Tesla’s investor day to launch the Master Plan 3 was mostly a dud, capped off by a slight fall in the stock’s price. The plan was long on vision about the energy transition, but short on what role Tesla will play.
Tesla has launched its charging membership product for non-Tesla EV owners. Keep an eye on how many Supercharger sites ultimately accept non-Tesla drivers.
Redwood Materials shared data from one year’s worth of EV battery recycling. Unsurprisingly, Redwood claims that the best model avoids a singular non-profit Producer Responsibility Organization (PRO) for EV battery recycling.
The USPS pivoted again in its quest to secure electric vans, this time by procuring from Ford. The custom-designed Next Generation Delivery Vehicle (NGDV) from Oshkosh Defense is slow to scale production versus off-the-shelf electric vans.
Autonomous truck company Embark is shutting down, Rivian’s finances are underwhelming, Lordstown won’t build more trucks unless a new partner comes in, and some are questioning whether Tesla’s Cybertruck will be just a niche product. It’s a rough patch for the truck industry right now.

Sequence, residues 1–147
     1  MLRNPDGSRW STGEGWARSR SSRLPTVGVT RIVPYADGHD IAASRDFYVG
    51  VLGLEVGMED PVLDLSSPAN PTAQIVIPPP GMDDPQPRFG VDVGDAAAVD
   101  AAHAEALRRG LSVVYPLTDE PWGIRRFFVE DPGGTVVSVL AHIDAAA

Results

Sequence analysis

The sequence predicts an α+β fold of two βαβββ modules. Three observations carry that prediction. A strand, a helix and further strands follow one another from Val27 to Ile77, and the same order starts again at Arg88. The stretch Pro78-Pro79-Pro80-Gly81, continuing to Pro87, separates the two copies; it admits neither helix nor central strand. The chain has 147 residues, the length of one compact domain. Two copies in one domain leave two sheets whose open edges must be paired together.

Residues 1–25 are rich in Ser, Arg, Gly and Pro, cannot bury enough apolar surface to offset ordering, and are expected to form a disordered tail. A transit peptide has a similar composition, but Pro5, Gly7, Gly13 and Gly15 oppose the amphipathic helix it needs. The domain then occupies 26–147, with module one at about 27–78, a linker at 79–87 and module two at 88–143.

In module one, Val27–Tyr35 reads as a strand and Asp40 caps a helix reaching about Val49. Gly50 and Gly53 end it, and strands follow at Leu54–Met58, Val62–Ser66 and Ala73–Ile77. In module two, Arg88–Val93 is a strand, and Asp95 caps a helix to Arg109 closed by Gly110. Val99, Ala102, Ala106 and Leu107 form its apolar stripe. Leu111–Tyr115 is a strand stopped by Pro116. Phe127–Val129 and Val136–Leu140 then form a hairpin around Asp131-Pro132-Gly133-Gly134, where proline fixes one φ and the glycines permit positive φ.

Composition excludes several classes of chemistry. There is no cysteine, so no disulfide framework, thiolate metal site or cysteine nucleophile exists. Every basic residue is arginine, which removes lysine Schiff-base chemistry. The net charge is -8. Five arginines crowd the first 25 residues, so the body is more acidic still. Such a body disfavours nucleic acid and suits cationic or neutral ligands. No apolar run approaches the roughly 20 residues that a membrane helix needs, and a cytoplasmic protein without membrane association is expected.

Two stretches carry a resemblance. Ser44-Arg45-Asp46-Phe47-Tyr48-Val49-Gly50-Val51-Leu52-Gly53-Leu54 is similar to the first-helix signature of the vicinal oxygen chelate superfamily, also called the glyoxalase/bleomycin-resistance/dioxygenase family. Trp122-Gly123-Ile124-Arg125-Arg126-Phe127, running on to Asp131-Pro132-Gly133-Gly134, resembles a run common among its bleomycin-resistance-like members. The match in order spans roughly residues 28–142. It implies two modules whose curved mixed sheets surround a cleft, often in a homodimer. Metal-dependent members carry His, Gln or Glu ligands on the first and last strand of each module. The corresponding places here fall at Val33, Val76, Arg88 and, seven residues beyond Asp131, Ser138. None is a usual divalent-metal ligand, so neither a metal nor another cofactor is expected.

Someone launched a hydrogen-powered bike in China. This is as useful as a gasoline-powered Roomba.
Airlines are suing the Dutch government over flight caps at Amsterdam’s Schiphol airport. The airlines claim that the plan doesn’t reduce emissions but instead shifts them to other cities.
🤿DEEP DIVE: Turbulence in the Race to Decarbonize the Skies
If you’re looking at pollution per kilometer (mile) traveled, it’s hard to overlook aviation. UK data below, for example, shows the amplitude of the issue.
On the aggregate, aviation accounts for about 2.4% of global GHG emissions, on par with maritime; both fall under the “hard to decarbonize” category.
Looking to at the pathway to net zero aviation, the short answer is that there is no single clear approach. We must pursue each and every available lever. We have four levers, each of which includes a number of different technologies.